Qualified Charitable Distribution (QCD) – For people who are older than age 70½ at the time of the donation, making qualified charitable distributions (QCD), or gifts directly from your IRA allows you to donate pre-tax dollars. This reduces your taxable income, which might also reduce your Medicare premiums. If you aren’t likely to itemize deductions on your tax return, the QCD is optimal for giving. Unfortunately, 401(k) and other employer retirement accounts aren’t eligible for QCDs. You would have to complete a rollover to an IRA first. The QCD limit is $100,000 per year per person, spread out in whatever increments you want. If you complete QCDs, identify them on your tax return. They are not clearly noted on Form-1099R which identifies withdrawals from retirement accounts each year.

Donor-Advised Fund (DAF) – While it requires the creation of a new account with an investment custodian, community foundation, or other charitable entity, the donor-advised fund (DAF) is a popular strategy. Specifically for people who want to make a significant contribution in a single tax year but then take their time making grants from the account to nonprofits, perhaps over many years. You could use appreciated assets as the funding source for your DAF but cannot fund it with IRA QCDs. Donor-advised funds are also a widespread estate planning tool.

▪ Charitable Gift Annuity – If, in addition to your charitable intent, you prefer a significant current tax deduction and ongoing income for life, charitable gift annuities might fit your requirements. You can fund the CGA with appreciated assets. Most colleges and many large nonprofits offer CGAs, but they are less common with smaller charities. There are abundant gift annuity calculators available online that can model how much tax deduction and what level of ongoing income apply to your gift.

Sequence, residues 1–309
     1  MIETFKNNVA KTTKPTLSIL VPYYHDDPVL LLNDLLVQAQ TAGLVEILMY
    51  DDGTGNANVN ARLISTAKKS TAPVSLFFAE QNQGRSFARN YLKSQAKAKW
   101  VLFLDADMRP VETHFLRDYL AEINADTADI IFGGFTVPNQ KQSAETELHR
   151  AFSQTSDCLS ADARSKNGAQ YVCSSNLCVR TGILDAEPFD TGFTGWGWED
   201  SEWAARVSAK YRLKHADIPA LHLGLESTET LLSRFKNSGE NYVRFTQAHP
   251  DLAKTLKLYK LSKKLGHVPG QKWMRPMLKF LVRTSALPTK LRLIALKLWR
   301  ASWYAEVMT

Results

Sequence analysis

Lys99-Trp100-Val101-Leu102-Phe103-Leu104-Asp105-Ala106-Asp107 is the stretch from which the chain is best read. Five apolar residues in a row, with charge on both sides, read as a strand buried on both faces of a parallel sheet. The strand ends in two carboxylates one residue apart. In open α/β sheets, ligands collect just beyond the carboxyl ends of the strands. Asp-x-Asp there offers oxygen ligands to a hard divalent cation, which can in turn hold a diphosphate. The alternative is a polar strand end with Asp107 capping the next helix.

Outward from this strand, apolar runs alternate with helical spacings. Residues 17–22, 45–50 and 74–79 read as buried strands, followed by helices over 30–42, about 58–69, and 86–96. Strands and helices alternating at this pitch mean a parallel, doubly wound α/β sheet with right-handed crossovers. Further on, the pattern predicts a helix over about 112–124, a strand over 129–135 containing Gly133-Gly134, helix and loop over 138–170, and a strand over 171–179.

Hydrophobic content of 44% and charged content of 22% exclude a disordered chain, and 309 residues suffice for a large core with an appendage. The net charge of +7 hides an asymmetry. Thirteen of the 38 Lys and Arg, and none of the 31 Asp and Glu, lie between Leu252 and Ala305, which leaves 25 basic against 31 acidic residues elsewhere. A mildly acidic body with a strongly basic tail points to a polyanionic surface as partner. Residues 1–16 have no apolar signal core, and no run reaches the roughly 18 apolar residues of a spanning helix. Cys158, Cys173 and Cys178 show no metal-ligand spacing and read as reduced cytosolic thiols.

Remainder Trusts – Less common, partly due to their need for legal work to create a trust, charitable remainder trusts offer significant tax benefits as well as retained access to the donated investment or income from it.

Insights from Our Recent Charitable Giving Webinar

At Mission Wealth, we are committed to helping you navigate the complexities of financial planning and empowering you to make a positive impact on the world. We recently held a webinar where the Director of Philanthropic Strategy, Amanda Thomas, and the Director of Estate Strategy, Andrew Kulha, shared valuable insights that will shape your financial and philanthropic journey.

The goal of the strategy webinar is to help our clients understand how to approach family legacy planning for their estate planning and actionable ideas for how to incorporate philanthropy into legacy planning. Read or watch the recap here.

Maximize Your Impact. Inspire Future Generations.

Talk with a financial planner about your next steps.
Contact Us Today

Charitable Guidance For Your Full Financial Journey

We help our clients create their charitable Mission Statement, develop their areas of focus, and utilize our Wealth Strategy Team to make recommendations on tax and estate-efficient portfolios. We also introduce clients to potential nonprofit partners in their field of interest and help implement their strategies to achieve their mission.

Mission Wealth’s vision is to provide caring advice that empowers families to achieve their true wealth. We are fiduciaries, and our holistic planning process provides clarity and confidence. For more information on Mission Wealth, please visit missionwealth.com.

To meet with a Mission Wealth financial advisor for a complimentary consultation, contact us today at (805) 882-2360.